¶1 Error herein is prosecuted from the district court of McIntosh county by Jennie Kelly, sometimes referred to in the record as Jennie Kelly Scott, a minor, by her duly appointed guardian, Sam Kelly, and by her duly appointed guardian ad litem. The judgment is alleged to be erroneous and not supported by the record. It was entered on appeal from a judgment of the county court of McIntosh county, in a proceeding properly instituted in the county court to determine heirship by certain full-blood Indians of the Creek Nation, under the authorization contained in the Act of Congress of June 14, 1918, 40 Stat. at L. 606, commonly referred to as the Heirship Statute. In the county court, George Scott and Mannie Scott filed a petition, the form of which is not questioned, in which was pleaded that Adam Scott was a citizen by blood of the Creek Nation, and departed this life a resident of McIntosh county, and left property, and prayed that the county court give notice as provided by law to the known and unknown alleged heirs, and that the county court hear the petition, and any claim that the known or unknown alleged heirs saw fit to interpose, and enter a decree or judgment determining the heirs of the said decedent. The county court acquired jurisdiction by causing the proper notices to be given, among which was a notice served upon Jennie Kelly or Scott, a minor, and her guardian. Jennie Kelly pleaded in the said cause in the county court in effect that she was the child and sole heir at law of Adam Scott, and that while she was born out of wedlock, she had been by instruments in writing recognized by the said Adam Scott as his child, and thereby, under section 11303, C. O. S. 1921, inherited the property of the said decedent. This was denied, and on the trial of the issues by the county court, Hon. Horace B. Reubelt presiding, the county court found that the allegations of the said Jennie Kelly, a minor, had been fully sustained, and that the said Jennie Kelly was the daughter of the said Adam Scott, and recognized as such in the manner prescribed by law prior to his death and was and is his sole heir at law, and entitled to inherit all the property of the said decedent, both real and personal, of which he died seized and possessed; that the said Jennie Kelly is an unenrolled Indian of less than full blood.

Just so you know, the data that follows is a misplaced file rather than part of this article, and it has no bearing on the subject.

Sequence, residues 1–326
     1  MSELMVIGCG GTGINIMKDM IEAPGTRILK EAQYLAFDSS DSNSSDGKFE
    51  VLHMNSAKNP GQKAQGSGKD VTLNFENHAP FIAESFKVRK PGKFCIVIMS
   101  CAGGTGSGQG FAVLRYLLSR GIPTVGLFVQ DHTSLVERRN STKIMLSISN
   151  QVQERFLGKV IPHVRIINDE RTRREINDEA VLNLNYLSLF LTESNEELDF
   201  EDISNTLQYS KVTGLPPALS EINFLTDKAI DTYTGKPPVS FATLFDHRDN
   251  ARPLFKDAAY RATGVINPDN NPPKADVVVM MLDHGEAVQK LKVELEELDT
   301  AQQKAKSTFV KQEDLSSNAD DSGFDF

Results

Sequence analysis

¶2 From this judgment the petitioners appealed to the district court of McIntosh county, where the said cause was tried de novo. After a hearing upon pleadings supplemented in the district court on the part of the petitioners, the district court found that the said Jennie Kelly or Scott, a minor, was not the heir of the decedent, but that the petitioners were the heirs. In the judgment of the district court there is no express finding of the truth or falsity of the allegations on which the minor pleaded its right to be adjudged the heir of its father. The finding is merely general on the issue of heirship. The cause is here, the minor taking the position that the judgment of the county court was the correct judgment, and that the record did not justify the general finding in favor of petitioners, as contained in the judgment entered in the district court.